What constitutes a life well lived? How do we imagine answers to that question? Who gets to answer that question for us? And do we ask it as an “us” or as an individual? This course considers the way religious and political thought has shaped considerations of the classical ethical question of how we should live, and the way that ethics has often served to connect religion and politics in thought and practice. Do we need a religious basis to answer ethical questions, or can we determine how to live without religious sources of authority? Is ethics a project of an individual or of communities, and if the later, are these political communities, religious ones, or something else? On what basis, or with what capacities, can we imagine new answers to ethical questions-in community or on our own? We will discuss these questions and more through a consideration of a range of answers to the question of how we should live.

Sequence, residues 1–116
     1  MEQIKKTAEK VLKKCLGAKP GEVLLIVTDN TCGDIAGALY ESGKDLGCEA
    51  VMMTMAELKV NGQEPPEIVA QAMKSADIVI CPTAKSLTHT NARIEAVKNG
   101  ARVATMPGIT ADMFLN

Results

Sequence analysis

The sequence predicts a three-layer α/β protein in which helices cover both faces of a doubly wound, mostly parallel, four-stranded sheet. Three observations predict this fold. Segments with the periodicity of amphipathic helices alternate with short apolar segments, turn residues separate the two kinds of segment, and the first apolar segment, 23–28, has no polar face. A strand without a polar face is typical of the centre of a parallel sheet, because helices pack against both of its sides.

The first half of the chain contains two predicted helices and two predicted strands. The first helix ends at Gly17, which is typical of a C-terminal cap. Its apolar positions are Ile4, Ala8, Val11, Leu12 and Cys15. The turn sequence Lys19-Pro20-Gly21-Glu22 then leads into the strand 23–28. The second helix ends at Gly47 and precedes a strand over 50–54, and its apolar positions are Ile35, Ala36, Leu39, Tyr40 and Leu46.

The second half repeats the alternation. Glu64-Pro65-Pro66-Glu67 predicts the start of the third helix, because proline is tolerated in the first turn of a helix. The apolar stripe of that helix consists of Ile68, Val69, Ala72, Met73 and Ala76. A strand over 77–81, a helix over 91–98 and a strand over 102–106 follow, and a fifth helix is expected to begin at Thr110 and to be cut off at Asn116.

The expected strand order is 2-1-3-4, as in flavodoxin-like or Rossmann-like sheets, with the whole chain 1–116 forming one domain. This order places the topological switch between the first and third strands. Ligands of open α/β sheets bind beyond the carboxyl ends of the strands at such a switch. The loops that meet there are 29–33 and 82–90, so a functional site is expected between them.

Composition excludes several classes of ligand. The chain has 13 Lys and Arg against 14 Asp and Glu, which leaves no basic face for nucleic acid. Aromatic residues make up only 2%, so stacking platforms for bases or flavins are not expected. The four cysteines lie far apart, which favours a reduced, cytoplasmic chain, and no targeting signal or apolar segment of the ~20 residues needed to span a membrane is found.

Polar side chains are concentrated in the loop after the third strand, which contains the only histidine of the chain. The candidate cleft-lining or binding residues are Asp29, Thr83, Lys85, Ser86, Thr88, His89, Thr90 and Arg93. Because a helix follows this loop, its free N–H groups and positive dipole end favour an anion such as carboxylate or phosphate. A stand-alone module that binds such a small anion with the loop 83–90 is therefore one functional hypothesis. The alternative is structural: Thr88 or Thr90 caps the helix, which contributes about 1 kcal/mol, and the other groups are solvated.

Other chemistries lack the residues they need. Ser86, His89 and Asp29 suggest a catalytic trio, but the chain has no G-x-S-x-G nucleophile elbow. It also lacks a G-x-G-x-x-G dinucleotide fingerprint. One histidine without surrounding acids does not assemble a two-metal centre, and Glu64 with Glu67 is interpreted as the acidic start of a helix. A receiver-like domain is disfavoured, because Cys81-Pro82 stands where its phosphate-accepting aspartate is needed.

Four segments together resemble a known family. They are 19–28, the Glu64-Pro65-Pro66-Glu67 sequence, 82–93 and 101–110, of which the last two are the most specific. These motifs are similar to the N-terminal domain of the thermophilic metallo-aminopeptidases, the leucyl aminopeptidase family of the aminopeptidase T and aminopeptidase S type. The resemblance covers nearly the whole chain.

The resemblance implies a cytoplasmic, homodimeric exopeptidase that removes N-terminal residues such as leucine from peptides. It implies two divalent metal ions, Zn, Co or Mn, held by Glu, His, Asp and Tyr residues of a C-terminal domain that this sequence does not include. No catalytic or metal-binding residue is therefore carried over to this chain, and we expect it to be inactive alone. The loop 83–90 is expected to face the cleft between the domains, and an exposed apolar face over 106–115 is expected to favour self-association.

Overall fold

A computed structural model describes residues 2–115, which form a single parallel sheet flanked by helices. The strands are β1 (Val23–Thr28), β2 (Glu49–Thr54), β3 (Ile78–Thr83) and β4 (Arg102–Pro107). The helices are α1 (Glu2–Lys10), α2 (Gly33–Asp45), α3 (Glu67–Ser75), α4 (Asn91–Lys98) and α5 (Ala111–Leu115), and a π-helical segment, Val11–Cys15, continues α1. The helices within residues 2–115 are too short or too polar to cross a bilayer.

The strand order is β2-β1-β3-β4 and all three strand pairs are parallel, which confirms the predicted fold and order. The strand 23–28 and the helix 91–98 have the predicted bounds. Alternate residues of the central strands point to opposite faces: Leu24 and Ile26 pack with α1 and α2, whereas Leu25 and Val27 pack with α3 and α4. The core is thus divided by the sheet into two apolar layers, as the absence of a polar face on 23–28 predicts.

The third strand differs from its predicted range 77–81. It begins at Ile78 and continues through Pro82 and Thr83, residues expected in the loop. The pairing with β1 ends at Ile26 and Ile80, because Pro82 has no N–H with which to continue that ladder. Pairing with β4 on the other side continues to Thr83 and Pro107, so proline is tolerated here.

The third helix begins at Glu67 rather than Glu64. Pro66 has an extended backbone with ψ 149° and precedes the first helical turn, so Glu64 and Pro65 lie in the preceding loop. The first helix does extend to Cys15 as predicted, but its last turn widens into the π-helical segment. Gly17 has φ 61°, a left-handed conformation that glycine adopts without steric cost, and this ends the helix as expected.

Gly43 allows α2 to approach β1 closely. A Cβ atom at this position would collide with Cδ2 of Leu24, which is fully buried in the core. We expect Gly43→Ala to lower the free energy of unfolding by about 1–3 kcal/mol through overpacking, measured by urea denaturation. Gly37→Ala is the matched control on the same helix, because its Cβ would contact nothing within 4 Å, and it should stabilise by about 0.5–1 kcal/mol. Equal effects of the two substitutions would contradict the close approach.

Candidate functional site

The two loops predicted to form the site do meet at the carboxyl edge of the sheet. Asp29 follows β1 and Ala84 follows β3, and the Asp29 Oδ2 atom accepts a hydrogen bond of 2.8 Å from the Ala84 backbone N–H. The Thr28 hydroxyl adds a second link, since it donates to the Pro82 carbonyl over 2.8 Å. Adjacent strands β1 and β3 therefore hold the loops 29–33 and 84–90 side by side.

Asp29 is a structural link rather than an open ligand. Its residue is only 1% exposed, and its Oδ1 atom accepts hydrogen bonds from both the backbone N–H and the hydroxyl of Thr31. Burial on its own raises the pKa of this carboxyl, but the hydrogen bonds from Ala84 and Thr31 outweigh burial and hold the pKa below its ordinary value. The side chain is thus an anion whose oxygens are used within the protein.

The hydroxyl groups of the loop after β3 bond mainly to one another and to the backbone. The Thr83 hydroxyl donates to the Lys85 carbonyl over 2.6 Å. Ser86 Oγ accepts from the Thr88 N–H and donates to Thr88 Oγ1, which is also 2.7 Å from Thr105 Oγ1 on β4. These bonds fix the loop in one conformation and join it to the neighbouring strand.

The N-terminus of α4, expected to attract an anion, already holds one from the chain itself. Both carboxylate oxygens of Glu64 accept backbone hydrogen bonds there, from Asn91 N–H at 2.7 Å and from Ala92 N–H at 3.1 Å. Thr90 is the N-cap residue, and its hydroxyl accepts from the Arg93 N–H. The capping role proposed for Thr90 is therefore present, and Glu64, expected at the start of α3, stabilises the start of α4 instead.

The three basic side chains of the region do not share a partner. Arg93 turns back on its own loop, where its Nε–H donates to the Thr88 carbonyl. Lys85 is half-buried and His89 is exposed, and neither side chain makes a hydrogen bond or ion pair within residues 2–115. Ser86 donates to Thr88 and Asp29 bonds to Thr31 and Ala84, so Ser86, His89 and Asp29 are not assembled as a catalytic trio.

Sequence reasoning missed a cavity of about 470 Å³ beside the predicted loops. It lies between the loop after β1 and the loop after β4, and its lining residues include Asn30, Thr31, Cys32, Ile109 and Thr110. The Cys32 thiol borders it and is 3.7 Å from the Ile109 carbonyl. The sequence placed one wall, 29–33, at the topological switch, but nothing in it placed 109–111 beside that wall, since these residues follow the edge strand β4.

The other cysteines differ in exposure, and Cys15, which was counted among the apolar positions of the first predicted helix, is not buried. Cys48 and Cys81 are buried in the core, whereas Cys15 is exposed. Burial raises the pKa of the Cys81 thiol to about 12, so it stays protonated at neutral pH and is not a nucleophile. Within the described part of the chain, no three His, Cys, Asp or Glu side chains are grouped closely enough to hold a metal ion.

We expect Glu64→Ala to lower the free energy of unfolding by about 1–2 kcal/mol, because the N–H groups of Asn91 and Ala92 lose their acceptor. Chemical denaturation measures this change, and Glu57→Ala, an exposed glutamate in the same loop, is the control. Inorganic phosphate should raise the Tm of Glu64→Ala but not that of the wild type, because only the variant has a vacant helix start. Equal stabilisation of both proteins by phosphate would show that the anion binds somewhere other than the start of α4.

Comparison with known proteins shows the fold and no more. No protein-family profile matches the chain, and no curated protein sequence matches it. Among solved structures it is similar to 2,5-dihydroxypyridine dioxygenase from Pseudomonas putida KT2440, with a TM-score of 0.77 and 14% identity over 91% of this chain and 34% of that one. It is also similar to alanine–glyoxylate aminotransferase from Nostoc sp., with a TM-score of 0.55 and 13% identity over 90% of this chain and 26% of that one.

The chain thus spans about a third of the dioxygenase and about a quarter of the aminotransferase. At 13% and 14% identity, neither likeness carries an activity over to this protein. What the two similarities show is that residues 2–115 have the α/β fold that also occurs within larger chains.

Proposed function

This course satisfies the introductory course requirement for the minor in religion and politics.
This might be one of the most important courses that you can take at WashU. It will teach you methods of skepticism and discourse that will help you better understand and navigate traditions, including the ones that you're a part of, and give you the requisite theoretical knowledge to begin asking the question of what the good life might be in earnest.
— Fall 2019
I felt that the class environment fostered an environment in which different identities could work in conjunction for producing greater understanding.
— Fall 2019